You've spent thousands of dollars and countless hours transforming your house into a minimalist haven. You won't want to junk it up with tacky houseplants. Still, you think it could use some living greenery, if only for its ionizing properties. Turn to Hip Houseplants, and in the first chapter you'll find ideas for plants that contribute to a minimalist décor: orchids of course, a tuft of isolepis grass in a simple tin container, partridge-breasted aloe. Or maybe your apartment is decorated in retro '70s style--bright plastic dining chairs, starburst wall clock, and the like--but something's missing: the spider plants and the kalanchoe. Florist-to-the-stars Orlando Hamilton's book emphasizes matching plants and containers with their surroundings: What plants look good and thrive in steamy bathrooms? Where should you place a spreading plant, or one with a bold architectural structure? How can you use artificial illumination to spotlight your prized calla lily? In short sections, Hamilton discusses texture, color, leaf shape, pattern, and scent. The listing of 86 hip houseplants and their characteristics, ideal environment (unfortunately, none of these is a shade plant), and maintenance requirements could be used as a shopping list on your next trip to the garden center. --Liana Fredley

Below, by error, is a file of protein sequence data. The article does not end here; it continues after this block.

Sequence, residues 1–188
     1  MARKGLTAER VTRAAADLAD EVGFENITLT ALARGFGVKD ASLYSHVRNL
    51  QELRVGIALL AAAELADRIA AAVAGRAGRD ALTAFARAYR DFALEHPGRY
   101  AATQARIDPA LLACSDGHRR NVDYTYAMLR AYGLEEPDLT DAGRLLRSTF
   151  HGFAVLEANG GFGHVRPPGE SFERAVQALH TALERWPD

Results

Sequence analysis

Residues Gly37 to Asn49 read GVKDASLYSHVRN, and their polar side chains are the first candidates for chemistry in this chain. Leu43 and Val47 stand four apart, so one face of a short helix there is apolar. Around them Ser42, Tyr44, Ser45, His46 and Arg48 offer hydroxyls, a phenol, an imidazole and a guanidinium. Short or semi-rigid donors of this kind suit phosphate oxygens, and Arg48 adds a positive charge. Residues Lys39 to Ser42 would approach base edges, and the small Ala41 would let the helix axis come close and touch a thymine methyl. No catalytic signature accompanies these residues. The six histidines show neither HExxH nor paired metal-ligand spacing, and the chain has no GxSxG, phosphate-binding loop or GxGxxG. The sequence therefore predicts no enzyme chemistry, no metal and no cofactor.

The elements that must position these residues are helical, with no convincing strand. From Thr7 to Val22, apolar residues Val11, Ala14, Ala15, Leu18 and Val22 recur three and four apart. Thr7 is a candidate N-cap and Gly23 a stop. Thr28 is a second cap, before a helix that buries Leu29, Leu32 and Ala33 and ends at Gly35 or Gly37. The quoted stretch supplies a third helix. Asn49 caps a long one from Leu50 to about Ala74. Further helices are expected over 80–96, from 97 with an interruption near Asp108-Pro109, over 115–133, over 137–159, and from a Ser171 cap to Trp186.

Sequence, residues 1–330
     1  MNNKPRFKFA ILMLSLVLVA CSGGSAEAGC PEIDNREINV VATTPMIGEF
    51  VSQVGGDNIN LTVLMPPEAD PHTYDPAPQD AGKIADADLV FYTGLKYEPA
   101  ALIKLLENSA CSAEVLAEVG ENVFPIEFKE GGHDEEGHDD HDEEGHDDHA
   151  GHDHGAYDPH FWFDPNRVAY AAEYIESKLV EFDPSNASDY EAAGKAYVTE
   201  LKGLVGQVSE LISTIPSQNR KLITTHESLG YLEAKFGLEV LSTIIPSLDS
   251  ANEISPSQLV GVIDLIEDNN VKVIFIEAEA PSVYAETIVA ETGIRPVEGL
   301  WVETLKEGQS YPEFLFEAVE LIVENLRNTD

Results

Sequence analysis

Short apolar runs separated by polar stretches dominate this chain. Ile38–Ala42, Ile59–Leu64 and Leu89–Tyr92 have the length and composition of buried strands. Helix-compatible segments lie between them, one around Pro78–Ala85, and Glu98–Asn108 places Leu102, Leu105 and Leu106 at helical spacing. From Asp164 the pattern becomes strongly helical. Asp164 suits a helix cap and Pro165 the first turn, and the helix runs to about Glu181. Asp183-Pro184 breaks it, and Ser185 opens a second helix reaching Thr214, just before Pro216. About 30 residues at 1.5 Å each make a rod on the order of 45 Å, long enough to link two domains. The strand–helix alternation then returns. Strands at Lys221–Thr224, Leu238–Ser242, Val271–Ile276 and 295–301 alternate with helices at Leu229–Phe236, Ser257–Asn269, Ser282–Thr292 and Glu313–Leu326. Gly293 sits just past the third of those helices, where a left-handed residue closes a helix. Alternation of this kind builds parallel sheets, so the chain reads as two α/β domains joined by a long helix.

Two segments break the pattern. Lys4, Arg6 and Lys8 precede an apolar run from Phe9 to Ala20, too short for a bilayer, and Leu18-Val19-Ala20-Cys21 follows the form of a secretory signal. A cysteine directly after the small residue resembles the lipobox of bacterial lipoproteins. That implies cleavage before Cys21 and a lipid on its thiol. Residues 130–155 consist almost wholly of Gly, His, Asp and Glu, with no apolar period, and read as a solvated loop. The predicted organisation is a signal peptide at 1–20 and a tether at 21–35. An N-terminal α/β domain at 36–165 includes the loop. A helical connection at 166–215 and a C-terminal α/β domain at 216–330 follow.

From Library Journal
Instead of having houseplants that just take up space, why not have houseplants that make the space? A plant stylist whose celebrity clients include Madonna and Sylvester Stallone and whose work has appeared in Elle Decoration, Vogue Italia, and other publications, Hamilton believes that houseplants are "ready for a deserved comeback." He offers a way to look at houseplants as d cor and presents ideas for integrating them into various interiors. Using numerous bold color photographs and a clean layout, Hamilton shows how to incorporate houseplants into contemporary styles such as Mediterranean, fusion, and minimalist. Other sections include color and scent; shape, pattern, and texture; pots and containers; and lighting. Also included are a section on plant maintenance and contact information for many of the items featured in the book. While many other houseplant books discuss how to make houseplants look good, this book focuses on how to make your living space look good with houseplants. Recommended for all public libraries. Pauline Baughman, Multnomah Cty. Lib., Portland, OR
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